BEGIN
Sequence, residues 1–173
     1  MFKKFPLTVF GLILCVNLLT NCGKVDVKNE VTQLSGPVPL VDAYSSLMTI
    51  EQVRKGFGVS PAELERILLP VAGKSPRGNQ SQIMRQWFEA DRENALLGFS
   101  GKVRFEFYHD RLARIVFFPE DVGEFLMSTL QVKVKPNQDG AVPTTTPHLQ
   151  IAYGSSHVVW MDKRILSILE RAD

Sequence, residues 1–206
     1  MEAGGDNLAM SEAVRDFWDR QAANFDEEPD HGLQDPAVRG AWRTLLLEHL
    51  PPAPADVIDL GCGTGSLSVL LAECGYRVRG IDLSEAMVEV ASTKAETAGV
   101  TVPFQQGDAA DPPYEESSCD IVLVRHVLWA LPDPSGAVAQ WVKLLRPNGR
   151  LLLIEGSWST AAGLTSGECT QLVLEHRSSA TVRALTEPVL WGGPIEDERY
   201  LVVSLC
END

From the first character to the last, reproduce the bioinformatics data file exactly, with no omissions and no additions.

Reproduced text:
Sequence, residues 1–173
     1  MFKKFPLTVF GLILCVNLLT NCGKVDVKNE VTQLSGPVPL VDAYSSLMTI
    51  EQVRKGFGVS PAELERILLP VAGKSPRGNQ SQIMRQWFEA DRENALLGFS
   101  GKVRFEFYHD RLARIVFFPE DVGEFLMSTL QVKVKPNQDG AVPTTTPHLQ
   151  IAYGSSHVVW MDKRILSILE RAD

Sequence, residues 1–206
     1  MEAGGDNLAM SEAVRDFWDR QAANFDEEPD HGLQDPAVRG AWRTLLLEHL
    51  PPAPADVIDL GCGTGSLSVL LAECGYRVRG IDLSEAMVEV ASTKAETAGV
   101  TVPFQQGDAA DPPYEESSCD IVLVRHVLWA LPDPSGAVAQ WVKLLRPNGR
   151  LLLIEGSWST AAGLTSGECT QLVLEHRSSA TVRALTEPVL WGGPIEDERY
   201  LVVSLC